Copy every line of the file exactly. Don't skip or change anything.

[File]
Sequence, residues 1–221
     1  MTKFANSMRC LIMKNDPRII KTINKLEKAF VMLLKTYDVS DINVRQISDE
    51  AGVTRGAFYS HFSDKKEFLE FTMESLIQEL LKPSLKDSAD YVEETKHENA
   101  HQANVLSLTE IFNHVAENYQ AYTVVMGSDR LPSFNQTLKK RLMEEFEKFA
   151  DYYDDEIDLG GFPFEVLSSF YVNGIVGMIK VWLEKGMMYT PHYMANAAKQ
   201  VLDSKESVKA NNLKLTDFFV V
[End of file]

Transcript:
Sequence, residues 1–221
     1  MTKFANSMRC LIMKNDPRII KTINKLEKAF VMLLKTYDVS DINVRQISDE
    51  AGVTRGAFYS HFSDKKEFLE FTMESLIQEL LKPSLKDSAD YVEETKHENA
   101  HQANVLSLTE IFNHVAENYQ AYTVVMGSDR LPSFNQTLKK RLMEEFEKFA
   151  DYYDDEIDLG GFPFEVLSSF YVNGIVGMIK VWLEKGMMYT PHYMANAAKQ
   201  VLDSKESVKA NNLKLTDFFV V